David Silver at YMAA just sent the preview DVD of the Jointlocks video. Damn. I think we knocked it out of the park.
Don't want to get into the video too much. It's important, I think, because it takes one of the building blocks of martial arts (locks) which are reputed to be difficult and complicated and shows how you can get untrained people improvising under stress in an hour. If the world goes the way I want, there will be viewers, experts in their own specialties, who will go, "Shit! We're teaching X wrong! I can teach it ten times as fast if I think about it differently!"
We train to fight ruthlessly and efficiently. Why not teach with equal efficiency?
But that's not what this post was about. There are some good people in the video, people who I miss.
Bill Giovannucci. Haven't seen Billy G. in a while. Missed him on my last two floats through Boston. On the rare occasions when he comments here, I recognize his posts immediately because of the depth. He's smart, though he hides it behind a rough and tumble Boston accent. He's skilled. You'll see that on the DVD, especially when you realize that his art is about hitting not locking...and speaking of hitting, he gave me one of the best smashes of my life. An extraordinary brother, and missed.
Teja Van Wicklen of Devi Protective Offense. A cool kid. If you look close, during the lock flow drill, she can't help but to throw in some brutal, sneaky strikes.
Chris Thompson who now runs Just Train in Rhode Island. Skilled, smart, with a vision. He's one of the next generation of martial artists, the ones who will change everything for the better. Both a thorough (physical skills) badass and a supremely nice and thoughtful guy.
Mike Migs, who I get together with in Boston when I can. Clear thinker. Smooth and effective martial artist. And we can talk about stuff that would horrify most of the world. While giggling.
Tia Rummler is one of my 'handlers' in Boston. My wife trusts her to make sure that I eat real food and get enough sleep and don't pick fights with neighborhoods. She is also the one who introduced me to storytelling as a way to sharpen your intuition about people.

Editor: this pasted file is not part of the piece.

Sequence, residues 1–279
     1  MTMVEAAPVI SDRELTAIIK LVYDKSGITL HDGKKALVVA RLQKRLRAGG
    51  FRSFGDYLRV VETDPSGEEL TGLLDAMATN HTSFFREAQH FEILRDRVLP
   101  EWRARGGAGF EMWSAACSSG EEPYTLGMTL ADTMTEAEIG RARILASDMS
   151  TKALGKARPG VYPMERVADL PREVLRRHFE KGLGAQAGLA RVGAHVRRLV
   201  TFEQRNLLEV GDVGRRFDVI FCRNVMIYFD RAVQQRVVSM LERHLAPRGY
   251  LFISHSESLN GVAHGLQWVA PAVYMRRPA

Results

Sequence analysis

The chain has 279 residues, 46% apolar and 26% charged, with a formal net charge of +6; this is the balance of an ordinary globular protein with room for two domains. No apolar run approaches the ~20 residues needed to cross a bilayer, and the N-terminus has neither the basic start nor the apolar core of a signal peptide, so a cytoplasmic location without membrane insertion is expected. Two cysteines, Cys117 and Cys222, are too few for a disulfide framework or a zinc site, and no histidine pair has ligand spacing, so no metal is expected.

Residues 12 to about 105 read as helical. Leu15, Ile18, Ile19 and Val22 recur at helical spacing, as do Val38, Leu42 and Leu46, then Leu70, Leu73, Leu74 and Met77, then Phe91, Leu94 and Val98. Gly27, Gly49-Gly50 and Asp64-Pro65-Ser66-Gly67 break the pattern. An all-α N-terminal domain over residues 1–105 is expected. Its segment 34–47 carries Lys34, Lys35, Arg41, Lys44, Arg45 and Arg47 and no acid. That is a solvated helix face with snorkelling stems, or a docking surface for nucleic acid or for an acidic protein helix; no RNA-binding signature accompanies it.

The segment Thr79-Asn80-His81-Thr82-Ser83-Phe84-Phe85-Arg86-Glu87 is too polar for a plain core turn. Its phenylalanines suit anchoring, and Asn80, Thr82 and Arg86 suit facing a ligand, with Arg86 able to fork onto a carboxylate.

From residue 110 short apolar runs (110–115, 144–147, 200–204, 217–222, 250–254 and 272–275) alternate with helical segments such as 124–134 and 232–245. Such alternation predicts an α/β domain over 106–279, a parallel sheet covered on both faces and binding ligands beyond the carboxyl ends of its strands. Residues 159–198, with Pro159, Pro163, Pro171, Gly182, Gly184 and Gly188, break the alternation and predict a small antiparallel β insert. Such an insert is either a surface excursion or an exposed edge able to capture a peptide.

Alexander Bandazian and Eric Testern were the two I barely knew when we filmed, but both had a great attitude, good skills. Maybe we'll see each other again and have a narghila at Habibi's.
Dr. Lisa Coaray is one of my other handlers, and the one who arranges Toby's seminars in New England. Smart, tough, and totally and continuously underestimating how awesome she is... you'll see her on TV soon. No kidding.
Jeff Burger is the man in Boston. Good friend, smart as hell, and one of the people I would most hate to have seriously gunning for me. If you're in the area and you want someone who really knows, look up Jeff.
Erik Kondo offered to let us use his place. "Not Me! Self Defense" has a headquarters in Massachusetts that includes a danger room, and he let us use it. Erik (along with Billy G. Jeff Burger, and Jake Steinmann) are part of my East Coast Brain Trust, the people I go to for insights and reality checks.
Anyway, I saw the video and was impressed (and I really, really hate watching instructional videos, so that says a lot) but I was mostly homesick for old friends.
So, old friends, snuggle up by the fire with someone you care about and have a wee dram in my memory. And I'll do the same for you.
Common sense and self defense - Common sense and self-defense, some thoughts on these two topics. The post Common sense and self defense appeared first on Wim Demeere's Blog. Related po...
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